For years pundits and futurists have predicted that online shopping would be the death of the retail store. Yet year after year, we return to the mall or shopping center. So what keeps us shopping? Why do we continue to search for a parking space, fight the crowds, and stand in line at the checkout counter? The answer can be found in a closer look at some of the trends in today’s retail design.
The Greeks and Romans thought shopping was important enough that they included retail in the civic and cultural mix of the agora and the forum. In the Middle East, souks were an early version of the shopping mall, with their emphasis on sheltering the shopper from heat and sun. As the centuries passed, the town square marketplace became a fixture in great cities throughout Asia and Europe.
In his book Call of the Mall, Paco Underhill talks about how great retail design has been an enduring part of civilization. “For centuries, the people who built places to shop tended to be merchants. So they took seriously their responsibility to attract shoppers. They created environments intended to present their wares, and to give shoppers a sense of moment, of event, of place.”
Retail is as timeless as architecture itself, and retail architects and designers are creating that sense of moment, event, and place in new and innovative ways.
There is not a more successful example of new retail design than Apple stores. The brain-child of Ron Johnson in partnership with architects Bohlin Cywinski Jackson, Apple store design shows us the timeless allure of beautiful products displayed in a beautiful environment. Apple has proven that modern, minimal design can connect with the masses. Their stores are iconic and innovative, and despite the kit of parts that reinforces the brand, the stores are not copies of one another.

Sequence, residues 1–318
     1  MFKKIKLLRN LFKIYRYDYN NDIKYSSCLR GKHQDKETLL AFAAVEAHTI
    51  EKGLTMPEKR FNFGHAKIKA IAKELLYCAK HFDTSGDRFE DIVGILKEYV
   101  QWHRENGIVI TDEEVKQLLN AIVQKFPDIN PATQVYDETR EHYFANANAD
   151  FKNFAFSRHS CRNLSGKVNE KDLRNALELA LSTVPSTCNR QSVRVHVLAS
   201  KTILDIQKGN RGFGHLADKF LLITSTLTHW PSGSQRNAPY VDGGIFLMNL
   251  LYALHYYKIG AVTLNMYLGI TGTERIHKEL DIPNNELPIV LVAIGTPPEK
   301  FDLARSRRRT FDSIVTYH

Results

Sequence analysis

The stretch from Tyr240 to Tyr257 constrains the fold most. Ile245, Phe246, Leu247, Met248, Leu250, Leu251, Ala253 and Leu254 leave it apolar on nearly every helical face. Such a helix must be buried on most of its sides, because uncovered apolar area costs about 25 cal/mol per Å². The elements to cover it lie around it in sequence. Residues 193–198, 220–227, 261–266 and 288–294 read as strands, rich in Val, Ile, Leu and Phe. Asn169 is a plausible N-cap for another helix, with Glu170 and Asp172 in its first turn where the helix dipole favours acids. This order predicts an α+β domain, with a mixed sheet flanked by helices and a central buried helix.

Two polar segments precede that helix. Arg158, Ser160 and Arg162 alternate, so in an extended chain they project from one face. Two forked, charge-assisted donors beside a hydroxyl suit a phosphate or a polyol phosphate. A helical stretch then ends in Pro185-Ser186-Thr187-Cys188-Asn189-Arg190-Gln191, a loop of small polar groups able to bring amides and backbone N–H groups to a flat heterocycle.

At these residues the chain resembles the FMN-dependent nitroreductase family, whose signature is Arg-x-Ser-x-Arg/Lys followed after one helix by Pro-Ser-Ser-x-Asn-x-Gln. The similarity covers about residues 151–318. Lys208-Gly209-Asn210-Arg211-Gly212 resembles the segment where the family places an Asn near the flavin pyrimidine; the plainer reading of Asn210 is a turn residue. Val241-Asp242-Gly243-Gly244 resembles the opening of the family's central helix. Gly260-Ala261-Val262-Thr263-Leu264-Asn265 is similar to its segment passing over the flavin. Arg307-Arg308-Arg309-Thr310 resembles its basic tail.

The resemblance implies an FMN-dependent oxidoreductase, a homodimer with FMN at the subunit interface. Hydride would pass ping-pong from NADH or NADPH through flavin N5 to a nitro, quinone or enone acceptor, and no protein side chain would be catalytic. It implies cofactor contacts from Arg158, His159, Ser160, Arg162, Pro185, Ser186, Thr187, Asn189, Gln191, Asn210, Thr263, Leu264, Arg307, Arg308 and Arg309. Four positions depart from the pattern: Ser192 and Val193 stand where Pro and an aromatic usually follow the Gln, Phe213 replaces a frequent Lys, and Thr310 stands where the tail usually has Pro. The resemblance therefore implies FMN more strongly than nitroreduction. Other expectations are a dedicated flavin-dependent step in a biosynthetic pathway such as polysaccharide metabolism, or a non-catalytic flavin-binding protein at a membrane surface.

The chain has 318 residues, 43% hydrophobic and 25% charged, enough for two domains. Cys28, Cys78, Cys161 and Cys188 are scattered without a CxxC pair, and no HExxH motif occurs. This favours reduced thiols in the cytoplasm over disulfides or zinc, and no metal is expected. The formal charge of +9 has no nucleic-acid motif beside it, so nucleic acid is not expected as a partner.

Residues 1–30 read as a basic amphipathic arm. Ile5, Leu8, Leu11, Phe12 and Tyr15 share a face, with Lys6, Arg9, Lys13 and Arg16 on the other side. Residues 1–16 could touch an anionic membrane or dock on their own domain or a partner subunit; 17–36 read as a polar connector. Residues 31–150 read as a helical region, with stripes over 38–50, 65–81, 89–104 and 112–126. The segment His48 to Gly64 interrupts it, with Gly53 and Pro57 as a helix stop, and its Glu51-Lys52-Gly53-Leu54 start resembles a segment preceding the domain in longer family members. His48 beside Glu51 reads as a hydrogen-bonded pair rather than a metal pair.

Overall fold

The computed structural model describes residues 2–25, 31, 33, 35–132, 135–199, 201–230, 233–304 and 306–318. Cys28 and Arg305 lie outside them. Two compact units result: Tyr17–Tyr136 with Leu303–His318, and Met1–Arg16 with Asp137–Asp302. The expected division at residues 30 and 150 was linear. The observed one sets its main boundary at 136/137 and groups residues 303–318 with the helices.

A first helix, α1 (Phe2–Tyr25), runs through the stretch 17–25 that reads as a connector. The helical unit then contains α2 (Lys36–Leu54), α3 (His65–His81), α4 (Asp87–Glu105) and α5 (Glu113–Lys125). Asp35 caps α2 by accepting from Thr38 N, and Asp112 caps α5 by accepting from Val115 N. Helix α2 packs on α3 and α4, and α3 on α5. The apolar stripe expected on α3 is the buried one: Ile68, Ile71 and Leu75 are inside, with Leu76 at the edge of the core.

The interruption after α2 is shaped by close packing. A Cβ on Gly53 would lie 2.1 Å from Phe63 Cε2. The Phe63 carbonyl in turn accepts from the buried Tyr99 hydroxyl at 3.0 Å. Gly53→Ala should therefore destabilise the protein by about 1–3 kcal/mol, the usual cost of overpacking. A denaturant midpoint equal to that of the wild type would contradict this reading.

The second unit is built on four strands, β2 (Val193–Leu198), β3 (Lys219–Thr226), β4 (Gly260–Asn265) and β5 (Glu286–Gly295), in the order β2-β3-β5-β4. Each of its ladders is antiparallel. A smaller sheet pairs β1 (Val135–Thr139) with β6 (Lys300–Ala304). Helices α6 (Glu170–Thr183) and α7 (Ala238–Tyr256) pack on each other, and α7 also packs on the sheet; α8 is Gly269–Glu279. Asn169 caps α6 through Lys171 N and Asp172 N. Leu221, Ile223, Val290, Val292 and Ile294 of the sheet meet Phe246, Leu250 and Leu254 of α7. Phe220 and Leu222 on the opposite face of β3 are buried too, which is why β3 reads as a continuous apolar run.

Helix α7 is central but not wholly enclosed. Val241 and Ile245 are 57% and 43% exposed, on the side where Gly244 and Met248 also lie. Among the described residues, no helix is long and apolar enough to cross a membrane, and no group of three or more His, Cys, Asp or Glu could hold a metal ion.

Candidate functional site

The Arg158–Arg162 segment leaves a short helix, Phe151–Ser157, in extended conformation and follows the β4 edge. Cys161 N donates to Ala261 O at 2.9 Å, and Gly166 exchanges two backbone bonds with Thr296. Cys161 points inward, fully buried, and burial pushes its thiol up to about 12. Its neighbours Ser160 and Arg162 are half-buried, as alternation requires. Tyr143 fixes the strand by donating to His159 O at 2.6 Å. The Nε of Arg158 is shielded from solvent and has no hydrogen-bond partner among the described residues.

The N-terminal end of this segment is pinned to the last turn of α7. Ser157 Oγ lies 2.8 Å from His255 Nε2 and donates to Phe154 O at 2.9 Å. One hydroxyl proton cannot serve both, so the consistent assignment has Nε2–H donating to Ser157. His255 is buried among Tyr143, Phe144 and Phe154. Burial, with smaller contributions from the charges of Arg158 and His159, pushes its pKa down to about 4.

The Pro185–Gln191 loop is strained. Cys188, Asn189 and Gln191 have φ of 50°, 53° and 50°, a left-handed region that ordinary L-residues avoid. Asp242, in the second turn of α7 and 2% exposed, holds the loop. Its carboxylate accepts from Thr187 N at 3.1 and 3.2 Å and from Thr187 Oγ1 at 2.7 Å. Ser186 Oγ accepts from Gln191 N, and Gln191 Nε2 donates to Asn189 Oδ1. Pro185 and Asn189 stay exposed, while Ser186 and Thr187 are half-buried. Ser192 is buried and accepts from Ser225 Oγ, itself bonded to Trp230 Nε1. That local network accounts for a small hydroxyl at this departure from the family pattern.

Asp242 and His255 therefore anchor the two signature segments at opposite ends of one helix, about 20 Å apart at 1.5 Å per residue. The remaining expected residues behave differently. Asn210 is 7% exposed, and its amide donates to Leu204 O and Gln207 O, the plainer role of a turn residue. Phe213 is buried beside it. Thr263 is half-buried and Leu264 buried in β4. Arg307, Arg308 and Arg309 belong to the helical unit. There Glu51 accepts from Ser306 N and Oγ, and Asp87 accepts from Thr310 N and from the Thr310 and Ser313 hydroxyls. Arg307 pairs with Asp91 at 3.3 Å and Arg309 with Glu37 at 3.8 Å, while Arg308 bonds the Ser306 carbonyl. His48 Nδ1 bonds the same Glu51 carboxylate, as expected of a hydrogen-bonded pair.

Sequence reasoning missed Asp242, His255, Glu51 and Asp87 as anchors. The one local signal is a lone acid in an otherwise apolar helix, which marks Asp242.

Other retailers are experimenting with technology to present traditional goods in a new way. The Color Bar and Danielle Wall at the Kendra Scott store in Rice Village in Houston are examples of how technology can drive the merchandising of traditional goods, in this case women’s jewelry and accessories. At the Color Bar, customers choose the stones and metal silhouettes for a variety of necklaces, bracelets, and rings which are then fabricated and delivered to the customer. There is additional iPad support if the two color stations are occupied at the bar. To further customize the shopper’s experience, the store’s most popular Danielle earrings are recreated in LED lights that are tuned to the exact colors of the available stones and can be manipulated for the customer.
Experience and Lifestyle
Retail has always been as much about experience as it is the functional act of buying goods. Home-grown Texas retailers Whole Foods Market and Central Market are perfect examples of how rethinking the food-buying experience has created innovative new retail design. Upscale grocery stores have captured perfectly the shift in how we as consumers think about food. These grocers have capitalized on the fact that we are more concerned about what goes into our food and how it is grown. They have also built their retail environments around the idea that food selection and preparation is very much about lifestyle and personal expression.
Upscale grocery stores have brought quality merchandising to a formerly bland, functional supermarket experience. Space is allocated for seating areas to sample food items, taste wine or have a complete meal in the store. Central Market takes their merchandising layouts one step further by prescribing the path the customer takes (think IKEA) as opposed to the undifferentiated parallel aisles found in traditional supermarkets. Materials, lighting and merchandising layouts provide the customer with a much more engaging and sophisticated retail experience than the traditional supermarket. Significantly, these stores are often delivering this merchandising experience in less square footage and in more urban locations than the traditional supermarket.
Last updated: February 28, 2013